Why are people leaving their jobs in record numbers?
IIf you’ve looked at the latest job reports, you don’t know how inflation could be at an all time high, but workers are still quitting their jobs in unprecedented numbers, you are certainly not alone.
In this segment of Backstage Pass, registered on 12 november, Fool contributors Toby Bordelon, Jon Quast and Rachel Warren discuss these seemingly mutually exclusive trends.
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Toby Bordelon: Let’s see. Let’s go to our third question here continuing. We’ve had some confusing news today, guys, from consumers. I am not sure I really understood. We received a report on consumer sentiment. On the one hand, it appears that consumer confidence is at its lowest in 10 years, its lowest in a decade. One in four consumers say they are reducing their standard of living due to inflation concerns. [laughs] In contrast, 4.4 million people left their jobs in September.
It’s a record. Most resignations in a month since they followed this, I guess. What is happening here? Are people really saying, “Man, this economy sucks. I’m afraid to make ends meet. But you know what ? Hell, I’m going to quit my job anyway and hope for the best. ” I do not understand that.
Jon Quest: This is probably all Dogecoin millionaires out there. [laughs]
Toby Bordelon: Maybe that’s it.
Jon Quest: That’s it. [laughs]
Toby Bordelon: It is a real possibility. I don’t know what’s going on. Maybe there is a lag in the schedule because this jobs business starts from September, maybe consumer sentiment is a little later than that. Maybe things are going really well for 4.4 [laughs] million people, maybe they’re Dogecoin millionaires out there, and not everyone is doing so well. It’s a possibility.
Something else? Listen, we’re talking about investors. What should I do with this as an investor? It confuses me. I want you to tell me, is there a business or investment that you can suggest to me for this confusion and uncertainty? What am I going with? Rachel, what do you think?
Rachel Warren: Actually, I found these numbers really interesting and I think it’s partially disconnected, but I think there are other factors at play, and I’ll touch on them briefly before I talk about a company that , in my opinion, is actually a great choice. in this uncertain environment. Personally, I don’t necessarily think it’s that 4.4 million people are in a different situation from the rest of the consumers.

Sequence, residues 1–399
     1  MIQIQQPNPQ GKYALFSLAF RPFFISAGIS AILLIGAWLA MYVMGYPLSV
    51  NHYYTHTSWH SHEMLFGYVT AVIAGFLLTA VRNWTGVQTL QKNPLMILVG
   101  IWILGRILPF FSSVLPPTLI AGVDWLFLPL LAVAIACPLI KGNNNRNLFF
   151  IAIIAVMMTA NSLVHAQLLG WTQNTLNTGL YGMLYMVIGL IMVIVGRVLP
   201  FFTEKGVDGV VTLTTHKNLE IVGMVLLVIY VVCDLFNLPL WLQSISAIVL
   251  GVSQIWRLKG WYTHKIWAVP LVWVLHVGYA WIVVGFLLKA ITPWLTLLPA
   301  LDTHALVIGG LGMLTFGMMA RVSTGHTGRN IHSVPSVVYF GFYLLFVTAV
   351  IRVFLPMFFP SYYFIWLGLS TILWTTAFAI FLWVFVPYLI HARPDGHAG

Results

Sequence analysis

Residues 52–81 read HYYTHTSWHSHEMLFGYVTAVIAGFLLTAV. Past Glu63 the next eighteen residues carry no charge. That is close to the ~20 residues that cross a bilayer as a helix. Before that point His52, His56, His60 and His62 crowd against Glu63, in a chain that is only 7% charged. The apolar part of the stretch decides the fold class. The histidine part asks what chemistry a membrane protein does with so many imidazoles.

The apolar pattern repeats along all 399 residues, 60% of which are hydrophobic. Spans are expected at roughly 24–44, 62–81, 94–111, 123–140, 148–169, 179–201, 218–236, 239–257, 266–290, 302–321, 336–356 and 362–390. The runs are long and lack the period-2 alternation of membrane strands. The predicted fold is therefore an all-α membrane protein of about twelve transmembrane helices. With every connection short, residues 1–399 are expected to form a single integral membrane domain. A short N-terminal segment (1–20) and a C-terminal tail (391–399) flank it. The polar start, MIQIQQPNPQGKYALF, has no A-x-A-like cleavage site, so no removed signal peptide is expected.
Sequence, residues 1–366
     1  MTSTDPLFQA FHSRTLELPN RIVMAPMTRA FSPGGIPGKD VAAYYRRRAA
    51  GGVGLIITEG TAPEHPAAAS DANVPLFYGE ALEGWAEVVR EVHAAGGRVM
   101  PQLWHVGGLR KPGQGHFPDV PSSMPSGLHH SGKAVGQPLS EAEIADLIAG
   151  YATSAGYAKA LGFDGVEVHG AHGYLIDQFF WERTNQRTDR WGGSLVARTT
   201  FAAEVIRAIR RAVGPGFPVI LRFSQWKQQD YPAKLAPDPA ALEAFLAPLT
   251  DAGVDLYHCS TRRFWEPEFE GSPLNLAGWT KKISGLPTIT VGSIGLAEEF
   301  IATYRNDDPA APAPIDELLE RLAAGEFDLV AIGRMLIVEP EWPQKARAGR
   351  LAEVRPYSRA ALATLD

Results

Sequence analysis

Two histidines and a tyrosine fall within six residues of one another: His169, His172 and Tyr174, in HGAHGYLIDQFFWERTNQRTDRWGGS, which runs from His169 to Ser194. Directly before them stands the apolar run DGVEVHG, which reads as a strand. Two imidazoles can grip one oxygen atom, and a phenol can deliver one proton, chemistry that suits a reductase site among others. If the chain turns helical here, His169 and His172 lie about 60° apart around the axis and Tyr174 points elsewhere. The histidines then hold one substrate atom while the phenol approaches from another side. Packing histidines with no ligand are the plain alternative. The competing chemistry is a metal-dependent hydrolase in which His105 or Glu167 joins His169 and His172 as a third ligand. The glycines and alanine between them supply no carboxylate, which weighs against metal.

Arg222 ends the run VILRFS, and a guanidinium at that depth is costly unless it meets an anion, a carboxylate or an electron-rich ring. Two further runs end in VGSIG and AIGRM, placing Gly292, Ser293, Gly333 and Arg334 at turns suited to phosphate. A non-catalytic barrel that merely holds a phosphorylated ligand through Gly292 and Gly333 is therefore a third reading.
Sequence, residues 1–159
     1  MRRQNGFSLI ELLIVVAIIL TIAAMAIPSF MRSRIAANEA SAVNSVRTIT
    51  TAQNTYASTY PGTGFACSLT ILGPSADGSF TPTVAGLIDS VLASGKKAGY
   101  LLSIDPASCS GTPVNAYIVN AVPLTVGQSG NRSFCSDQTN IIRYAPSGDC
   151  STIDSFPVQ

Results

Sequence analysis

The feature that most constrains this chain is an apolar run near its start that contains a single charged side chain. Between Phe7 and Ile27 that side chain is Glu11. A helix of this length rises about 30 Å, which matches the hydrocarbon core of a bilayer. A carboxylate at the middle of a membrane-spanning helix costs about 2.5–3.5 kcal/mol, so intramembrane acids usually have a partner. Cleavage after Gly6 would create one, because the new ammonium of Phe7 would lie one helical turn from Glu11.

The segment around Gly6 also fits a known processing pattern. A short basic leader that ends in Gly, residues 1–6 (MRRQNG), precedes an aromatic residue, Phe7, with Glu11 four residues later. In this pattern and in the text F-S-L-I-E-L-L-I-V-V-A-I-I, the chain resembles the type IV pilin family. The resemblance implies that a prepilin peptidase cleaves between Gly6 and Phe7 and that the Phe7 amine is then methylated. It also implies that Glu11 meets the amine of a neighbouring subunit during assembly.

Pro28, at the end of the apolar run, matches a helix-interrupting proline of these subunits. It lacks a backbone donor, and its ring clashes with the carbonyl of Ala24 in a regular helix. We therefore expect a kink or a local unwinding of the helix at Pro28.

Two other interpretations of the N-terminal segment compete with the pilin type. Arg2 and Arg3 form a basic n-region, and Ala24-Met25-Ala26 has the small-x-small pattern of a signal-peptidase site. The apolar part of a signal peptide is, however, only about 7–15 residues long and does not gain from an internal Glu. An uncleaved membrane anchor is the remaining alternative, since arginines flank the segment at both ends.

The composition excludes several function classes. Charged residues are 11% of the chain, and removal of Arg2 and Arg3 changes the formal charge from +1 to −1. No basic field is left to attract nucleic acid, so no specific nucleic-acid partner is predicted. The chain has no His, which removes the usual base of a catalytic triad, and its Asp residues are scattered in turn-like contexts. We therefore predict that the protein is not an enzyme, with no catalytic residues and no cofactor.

I think those two facts are that consumer confidence is at its lowest in 10 years and you also have a record number of people leaving their jobs. I don’t think they have to be mutually exclusive, I think they can go hand in hand. Here’s why. You look at the reasons people quit their jobs, the areas in which they quit.
Those industries that have the highest quit rates. You start with that basic figure, about 3% of the workforce in the United States quit their jobs in September. But then you look at the industries where most of those drop-out rates are coming from.
These are areas such as retail, hospitality, health services, recreation, travel and recreation, and even the roles of state and local governments. Many of them are industries where we have sometimes faced low wages and in some cases less than ideal working conditions for some time.
And this has only increased during the pandemic. Now the workers have a lot of influence. I recently read about this whole labor shortage, it’s the work of the workers. Obviously, it is not because there is a shortage of positions.
Workers have influence now, it doesn’t surprise me that these are the same fields, those industries where we see high quit rates, even though inflation is high and consumers are worried about the prices of goods. daily. People are looking for roles, they are looking for companies that pay better wages, maybe that offer more flexibility.
I also think that if you’re worried about buying commodities when the cost of inflation is high, it makes sense that some of the industries where you see the highest quit rates are those where wages have historically been low. and conditions are often less than stellar, especially in a pandemic environment.
Some of the workers in fields like hospitality and retail, for example, who historically have low wages and sometimes at or below the minimum wage. These are also areas where workers may have to deal with some of the most important safety concerns during the pandemic. I think it almost makes sense that you still see these high drop rates in these areas, even though consumer goods are skyrocketing.
I think as an investor you look at this. I don’t think these trends are going to ease in the near future, I think these are trends that we have seen in recent jobs reports, and I think it will continue.
Jon quest has no position in any of the stocks mentioned. Rachel Warren has no position in any of the stocks mentioned. Toby Bordelon has no position in any of the stocks mentioned. The Motley Fool has no position in any of the stocks mentioned. The Motley Fool has a disclosure policy.
The views and opinions expressed herein are the views and opinions of the author and do not necessarily reflect those of Nasdaq, Inc.